After thirty years of finding and implementing sentencing alternatives for Jewish inmates, Rabbi Moishe Mayir Vogel has found a way to widen his reach.
By Toby Tabachnik- Pittsburgh Jewish Chronicle
For the past three decades, Rabbi Moishe Mayir Vogel has worked to find sentencing alternatives for Jewish community members convicted of non-violent crimes, avoiding harsh jail sentences that would wholly dismantle their lives and the lives of their families.
Now, he is using his expertise to help those in the African American community as well.
Thanks in part to a 2018 grant from the Pittsburgh Foundation, Vogel has expanded the reach of his program, working hand in hand with African American faith leaders and others to find effective alternatives to prison.
Taking on federal, state and local cases, Vogel, executive director of the Aleph Institute-North East Region, and his team advocate to avoid life-destroying punishments, emphasizing rehabilitation instead.
“All these years we were doing all Jewish clients,” said Vogel. “However, because we received the foundation money to do it not only for the Jewish inmates, we are now working with other agencies, non-Jewish agencies to help organize it in their communities too.”
In addition to the foundation funding, Aleph receives funds from Allegheny County to provide casework services to assist in alternative sentencing and reentry programs. So far, Vogel is working with about six African American clients in addition to those who are Jewish.
“Alternative sentencing should be for not only Jewish, but for everyone,” stressed Vogel.
Aleph, located in the heart of Squirrel Hill, also provides Narcotics Anonymous and Alcoholics Anonymous programming, assistance in finding housing and employment, and help in accessing healthcare to those who have been incarcerated and their families.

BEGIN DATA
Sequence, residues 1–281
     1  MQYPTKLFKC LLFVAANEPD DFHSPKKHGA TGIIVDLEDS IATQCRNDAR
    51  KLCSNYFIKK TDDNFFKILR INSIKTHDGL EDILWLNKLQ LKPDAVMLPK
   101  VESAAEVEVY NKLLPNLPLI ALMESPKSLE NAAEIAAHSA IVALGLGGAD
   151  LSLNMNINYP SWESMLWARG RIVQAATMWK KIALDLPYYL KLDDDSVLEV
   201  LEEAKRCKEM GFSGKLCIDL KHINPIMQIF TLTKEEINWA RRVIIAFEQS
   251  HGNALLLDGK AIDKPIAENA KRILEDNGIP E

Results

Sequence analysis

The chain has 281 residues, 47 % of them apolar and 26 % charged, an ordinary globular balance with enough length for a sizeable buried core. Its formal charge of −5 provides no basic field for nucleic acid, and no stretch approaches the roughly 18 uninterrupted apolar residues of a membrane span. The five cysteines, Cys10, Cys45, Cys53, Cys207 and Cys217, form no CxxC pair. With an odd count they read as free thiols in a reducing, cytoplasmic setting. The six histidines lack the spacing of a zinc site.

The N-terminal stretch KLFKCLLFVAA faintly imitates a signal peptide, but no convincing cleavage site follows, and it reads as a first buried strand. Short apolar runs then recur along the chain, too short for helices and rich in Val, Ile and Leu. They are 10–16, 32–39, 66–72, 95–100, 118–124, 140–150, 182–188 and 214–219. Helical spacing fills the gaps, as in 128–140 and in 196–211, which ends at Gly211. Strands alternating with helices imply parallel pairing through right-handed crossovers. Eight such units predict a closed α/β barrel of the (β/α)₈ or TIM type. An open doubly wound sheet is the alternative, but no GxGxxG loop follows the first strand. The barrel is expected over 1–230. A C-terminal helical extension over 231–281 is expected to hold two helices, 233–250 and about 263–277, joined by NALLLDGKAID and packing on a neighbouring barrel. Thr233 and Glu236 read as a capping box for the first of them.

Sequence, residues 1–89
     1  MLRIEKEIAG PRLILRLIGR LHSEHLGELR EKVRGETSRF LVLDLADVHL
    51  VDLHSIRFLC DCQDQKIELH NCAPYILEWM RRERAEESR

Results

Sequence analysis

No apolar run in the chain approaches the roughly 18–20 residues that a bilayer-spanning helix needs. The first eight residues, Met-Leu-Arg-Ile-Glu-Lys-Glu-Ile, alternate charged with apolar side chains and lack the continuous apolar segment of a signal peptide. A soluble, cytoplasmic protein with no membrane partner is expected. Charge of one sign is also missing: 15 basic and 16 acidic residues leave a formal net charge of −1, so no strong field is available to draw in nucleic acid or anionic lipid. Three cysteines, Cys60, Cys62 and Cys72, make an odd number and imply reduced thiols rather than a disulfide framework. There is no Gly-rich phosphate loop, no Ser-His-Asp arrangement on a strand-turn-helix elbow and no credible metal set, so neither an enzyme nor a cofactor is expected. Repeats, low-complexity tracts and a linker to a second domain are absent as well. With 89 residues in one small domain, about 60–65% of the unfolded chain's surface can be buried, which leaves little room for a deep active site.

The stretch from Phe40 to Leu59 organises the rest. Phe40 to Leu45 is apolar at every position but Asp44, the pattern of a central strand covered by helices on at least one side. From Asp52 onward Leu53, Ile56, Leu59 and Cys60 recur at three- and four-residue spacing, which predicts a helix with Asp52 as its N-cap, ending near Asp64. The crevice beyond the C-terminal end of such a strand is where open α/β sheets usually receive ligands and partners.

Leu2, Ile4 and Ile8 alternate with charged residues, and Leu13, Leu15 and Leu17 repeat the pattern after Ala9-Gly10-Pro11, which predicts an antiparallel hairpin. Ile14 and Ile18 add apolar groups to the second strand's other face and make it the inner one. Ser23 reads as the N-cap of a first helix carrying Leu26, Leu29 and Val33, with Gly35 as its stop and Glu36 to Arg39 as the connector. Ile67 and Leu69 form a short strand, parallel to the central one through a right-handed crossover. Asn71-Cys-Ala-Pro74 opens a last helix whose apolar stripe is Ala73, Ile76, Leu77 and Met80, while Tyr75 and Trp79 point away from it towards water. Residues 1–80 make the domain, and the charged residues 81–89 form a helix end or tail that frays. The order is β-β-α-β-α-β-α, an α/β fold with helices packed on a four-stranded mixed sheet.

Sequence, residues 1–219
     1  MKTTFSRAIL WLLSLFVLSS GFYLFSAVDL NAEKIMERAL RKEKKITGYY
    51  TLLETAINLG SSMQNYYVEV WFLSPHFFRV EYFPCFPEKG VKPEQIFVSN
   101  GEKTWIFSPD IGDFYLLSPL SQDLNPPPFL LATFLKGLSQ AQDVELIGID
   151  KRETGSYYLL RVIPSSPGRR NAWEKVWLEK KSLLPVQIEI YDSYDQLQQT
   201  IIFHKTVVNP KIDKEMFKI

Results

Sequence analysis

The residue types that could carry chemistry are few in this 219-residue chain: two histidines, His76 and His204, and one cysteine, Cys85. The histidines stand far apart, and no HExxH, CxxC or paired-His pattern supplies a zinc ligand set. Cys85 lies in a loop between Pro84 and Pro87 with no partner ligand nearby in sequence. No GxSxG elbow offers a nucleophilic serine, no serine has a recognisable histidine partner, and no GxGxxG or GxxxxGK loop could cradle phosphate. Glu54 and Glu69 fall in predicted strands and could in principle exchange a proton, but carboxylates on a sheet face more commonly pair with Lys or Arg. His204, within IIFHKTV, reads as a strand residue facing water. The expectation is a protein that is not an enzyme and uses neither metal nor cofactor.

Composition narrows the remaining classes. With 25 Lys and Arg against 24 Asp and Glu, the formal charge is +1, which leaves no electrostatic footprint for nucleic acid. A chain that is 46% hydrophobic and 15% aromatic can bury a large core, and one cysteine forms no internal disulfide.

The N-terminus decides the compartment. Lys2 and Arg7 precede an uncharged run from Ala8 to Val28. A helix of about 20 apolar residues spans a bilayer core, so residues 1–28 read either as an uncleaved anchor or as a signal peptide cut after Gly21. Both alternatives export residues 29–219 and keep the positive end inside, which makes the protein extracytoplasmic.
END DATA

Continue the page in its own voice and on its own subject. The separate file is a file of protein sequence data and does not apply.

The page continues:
Aleph has had a “100% success rate” in securing employment for participants in its Alternative Sentencing Program, and, for program participants without an alcohol dependency issue, “there is a 100% success rate in keeping the family units intact for ASP participants,” according to statistics provided by Aleph.
Vogel is now partnering with Rev. Tim Smith of the Center of Life in Hazelwood and with leaders of the Birmingham Foundation, “putting together a program where we agree our caseworkers will oversee that the individual will go to 12-step programs, will go to anger management, will go to parenting classes, will go to other programs that are available,” he explained. “We will oversee it and see that it works hand in hand with parole and other agencies to make sure that the individual has the resources. We find them jobs, get them back into the community, get them back into a healthy part of the community, with them going back to their faith-based program, whichever it is, and helping them become productive members.”
Alternatives to jail gives these people “another chance,” said Vogel. “So many of these kids on the streets have not been given a chance. They didn’t graduate high school, there is no one holding their hand to help them get their GED. They need to be directed and walked with as they go through it, and they 99.9% want to be productive members of society. They just need someone to hold their hands, and we are the hand-holder.”
Vogel’s partnership with the African American community began about five months ago, an offspring of an initiative begun by Dr. Bruce Rabin, who has been convening meetings between the Jewish and African American communities at the Birmingham Foundation on the South Side. Participants at those meetings have included several local rabbis, employees of the Jewish Federation of Greater Pittsburgh, and local African American clergy and other leaders.
The meetings between the two groups have focused on “the effects of trauma on the mental and physical health of young individuals and how we could use programs from the Jewish community that could be beneficial to the African American community, and how events occurring in the African American community could be made available for educational purposes for Jewish youth so they could become more cognizant of issues that black kids are growing up with,” said Rabin, a longtime professor of pathology at the University of Pittsburgh.